JF: I always say it's a privilege to be able to do what we do. I’m picky in terms of what I like to do and how I like to represent myself in my art as an actor. I just landed a part that I really wanted after passing up some stuff, and doing some stuff and not getting the part, that stuff that I didn't really care too much for. So for me to be able to work with somebody that's a really good guy and be a part of something that I really can get behind them that I care about, that's what I'm concerned about. It's not about the Hollywood aspect, because this is another indie film too.

Read more: Four actors turned directors at London Film Festival

I've been getting sent big Hollywood stuff but I didn't really want to be part of it necessarily. So I think it's about building my career and me as a person, what I want to be putting out there to the world, as opposed to letting someone push me, you know what I mean? If I have to pass up a f**king $30 million cheque to be in a f**king stupid-ass movie, to be a part of something that I feel will be remembered and is how I want to be remembered, I'll do that.

(Credit: A24)

JT: I agree with a lot of that. I think it's about who you surround yourself with because, for us, we’ve been working on this movie up in San Francisco, relatively in isolation, away from the grasp of Hollywood, and we had pretty much free rein to make what we wanted to make. That's one of the privileges you have as a first-time filmmaker. Yes, you're working tirelessly to justify this incredible opportunity you've been given, hoping to make something that someone will want to watch. But that youth is often accompanied by smaller budgets which, in turn, can allow you more creative freedom. With bigger films deeper in your career, There's not a lot of money on the line. And of course, as you get more money for your films, they can expand in vision, but there are pricier pressures. That’s something for me I think about a lot as a director. I don't necessarily want to jump from this small movie, which was a little over a million and much less than $5 million to make, we'll just say, to a $30 million movie, unless there's something that really makes sense there. It's about the incremental growth and keeping as much of that team intact.

I think when you jump to something so much more expensive, they often try to pull apart the very fabric of what made your first effort so special, which in my case, is the people that were around me. I had so much support. And I had so many smart people that at every turn, were improving the final film that we made. Maybe if I was a lot smarter, I wouldn't need those people but I'm kind of dumb, so I need all these good people around me that really are my most trusted confidant and creators.

Recently Martin Scorsese has spoken about what cinema is and he’s suggested that Marvel movies are “not cinema”. Do you think comic book movies can deliver the same emotional wallop as films like yours?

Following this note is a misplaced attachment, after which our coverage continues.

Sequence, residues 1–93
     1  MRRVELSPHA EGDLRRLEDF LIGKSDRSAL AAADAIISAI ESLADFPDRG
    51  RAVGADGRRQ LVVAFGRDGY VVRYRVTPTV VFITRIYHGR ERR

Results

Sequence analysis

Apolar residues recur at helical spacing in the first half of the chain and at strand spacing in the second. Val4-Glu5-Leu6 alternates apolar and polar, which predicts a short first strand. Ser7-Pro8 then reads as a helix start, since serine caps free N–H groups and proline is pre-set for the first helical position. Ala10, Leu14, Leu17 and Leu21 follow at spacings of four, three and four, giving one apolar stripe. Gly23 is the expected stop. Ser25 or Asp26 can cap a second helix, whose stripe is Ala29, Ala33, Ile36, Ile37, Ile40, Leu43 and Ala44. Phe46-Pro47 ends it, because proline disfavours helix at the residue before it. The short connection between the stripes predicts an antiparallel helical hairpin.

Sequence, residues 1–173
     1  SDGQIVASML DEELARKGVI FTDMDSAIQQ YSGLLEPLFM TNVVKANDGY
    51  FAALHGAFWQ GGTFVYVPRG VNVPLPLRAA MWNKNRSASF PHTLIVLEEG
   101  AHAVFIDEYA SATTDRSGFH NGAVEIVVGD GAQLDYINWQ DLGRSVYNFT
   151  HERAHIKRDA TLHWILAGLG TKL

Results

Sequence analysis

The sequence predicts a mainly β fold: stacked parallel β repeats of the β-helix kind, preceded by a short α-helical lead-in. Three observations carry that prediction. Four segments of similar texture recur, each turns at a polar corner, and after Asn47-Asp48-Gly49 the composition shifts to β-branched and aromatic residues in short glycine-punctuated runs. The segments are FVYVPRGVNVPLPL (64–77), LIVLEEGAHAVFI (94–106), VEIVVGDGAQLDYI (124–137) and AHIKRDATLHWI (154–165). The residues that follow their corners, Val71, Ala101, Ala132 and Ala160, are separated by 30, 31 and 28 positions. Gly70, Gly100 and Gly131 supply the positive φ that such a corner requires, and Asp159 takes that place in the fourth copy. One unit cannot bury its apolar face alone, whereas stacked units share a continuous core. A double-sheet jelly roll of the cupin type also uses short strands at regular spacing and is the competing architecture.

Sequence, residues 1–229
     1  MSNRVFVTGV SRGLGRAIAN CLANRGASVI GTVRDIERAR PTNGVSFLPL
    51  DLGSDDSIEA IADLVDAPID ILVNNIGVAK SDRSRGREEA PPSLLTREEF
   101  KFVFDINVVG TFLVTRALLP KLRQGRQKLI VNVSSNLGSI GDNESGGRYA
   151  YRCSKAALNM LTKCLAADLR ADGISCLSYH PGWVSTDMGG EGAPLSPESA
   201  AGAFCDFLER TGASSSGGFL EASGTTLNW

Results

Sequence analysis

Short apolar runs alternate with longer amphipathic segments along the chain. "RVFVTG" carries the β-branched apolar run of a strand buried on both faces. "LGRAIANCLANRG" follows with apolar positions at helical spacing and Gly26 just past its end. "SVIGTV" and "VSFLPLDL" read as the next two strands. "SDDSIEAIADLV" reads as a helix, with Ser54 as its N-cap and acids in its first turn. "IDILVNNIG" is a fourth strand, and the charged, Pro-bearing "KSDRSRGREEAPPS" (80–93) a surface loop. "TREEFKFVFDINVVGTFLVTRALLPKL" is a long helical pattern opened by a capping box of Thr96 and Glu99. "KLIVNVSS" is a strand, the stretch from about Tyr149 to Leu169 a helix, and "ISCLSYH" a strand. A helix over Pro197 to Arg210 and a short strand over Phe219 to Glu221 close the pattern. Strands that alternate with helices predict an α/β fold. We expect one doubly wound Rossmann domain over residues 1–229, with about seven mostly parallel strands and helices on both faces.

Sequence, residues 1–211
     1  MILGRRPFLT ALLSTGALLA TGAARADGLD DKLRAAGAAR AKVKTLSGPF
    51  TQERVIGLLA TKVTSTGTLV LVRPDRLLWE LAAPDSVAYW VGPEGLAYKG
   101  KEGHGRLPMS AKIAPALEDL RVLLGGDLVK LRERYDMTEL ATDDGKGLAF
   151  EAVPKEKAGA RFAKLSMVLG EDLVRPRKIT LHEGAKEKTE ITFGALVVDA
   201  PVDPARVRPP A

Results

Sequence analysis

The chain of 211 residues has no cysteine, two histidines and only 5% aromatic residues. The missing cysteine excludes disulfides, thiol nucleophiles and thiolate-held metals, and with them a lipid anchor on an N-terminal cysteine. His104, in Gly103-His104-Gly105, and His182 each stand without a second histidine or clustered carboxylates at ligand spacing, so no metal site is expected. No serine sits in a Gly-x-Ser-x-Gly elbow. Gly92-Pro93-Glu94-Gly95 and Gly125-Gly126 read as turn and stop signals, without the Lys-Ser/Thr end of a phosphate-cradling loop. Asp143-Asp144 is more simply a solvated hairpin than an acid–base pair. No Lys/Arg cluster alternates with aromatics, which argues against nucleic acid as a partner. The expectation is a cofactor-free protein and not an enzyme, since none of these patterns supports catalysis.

JF: I'm not into that shit so I just don’t care. Sorry, I just don’t care!

JT: I think some people can do it. Chris Nolan and The Dark Knight, for example. I remember watching that and thinking, wow, how did they ever let this movie exist at the studios because you can feel the human hand of an auteur. We all grew up loving certain big-budget movies like that. When they turn out great, it can seem miraculous, because with so much money on the line, studios can be risk-averse. But looking deeper into how the sauce got made on those rare studio gems can be revealing. Often times, they're backing a vetted winning horse deep into their career who's had critical and commercial success. That gives studios a little more openness to take a big risk. Other times, the creatives were pirates who snuck their way in, stole the money, made a crazy movie, and through a million rounds of notes, the film retained its character and made it out alive.

More often, though, are the stories of failed pirates who tried to do the same thing and the movie never got seen. I feel like this happens even with independent films that didn't have huge budgets stacked against them. So I think that, generally, it is hard to make something that human because the forces are against it. There's too much money, too much risk involved, to do something that feels weird or risky. Our movie, made for much less money, can go off in strange directions, with side characters. It can have Joni Mitchell playing over a group of men fighting. And I think that's why Plan B and A24 are really great and are brave because they're bigger names within this industry that actually allow films to be weird.

LOS ANGELES, CALIFORNIA - JUNE 03: (L-R) Jimmie Fails, Joe Talbot, Willie Hen, Tichina Arnold, Finn Wittrock and Rob Morgan attends the special screening of "The Last Black Man In San Francisco" at the Vista Theatre on June 03, 2019 in Los Angeles, California. (Photo by Paul Archuleta/Getty Images)

JF: When you're making a film, the process is everything. And then once it's finished, then it's all just, you know, this sort of stuff, right? You want to improve every time but you do still want to keep your imagination and your weirdness, you want to be able to still be funny and weird. I essentially get to play charades, I literally get to just be weird as fuck sometimes that's the thing I'm most excited about. Like the next thing, I just get to be a f**king weirdo.

JT: Adding to that, not all flaws are bad. There are flaws in our movie, there are things that are a little funky and rough around the edges. And I think sometimes all of our inclinations match executives at huge studios, but even as artists, is to try to massage those and clean them up so that the film is this perfect thing. I actually think in some strange way, we connect to imperfections. That's why so many directors’ first and second films are some of their best work. Do The Right Thing, Spike Lee’s second film is a f**king masterpiece. There are some rough elements in some places but it just has so much truth.

It’s certainly interesting when you think about how certain indie filmmakers have seen their work suffer the bigger budget that they are given.

JT: I think you chase that for reasons, personal reasons and industry-driven reasons. You want to make something that people see, especially in this time where people aren't watching things as much. I think the industry is freaking out and trying to figure out what to do, but I think it can be dangerous when all films are for all people. You can lose the edge and the imperfections that make it unique.

The Last Black Man In San Francisco will be in cinemas from 25 October 25.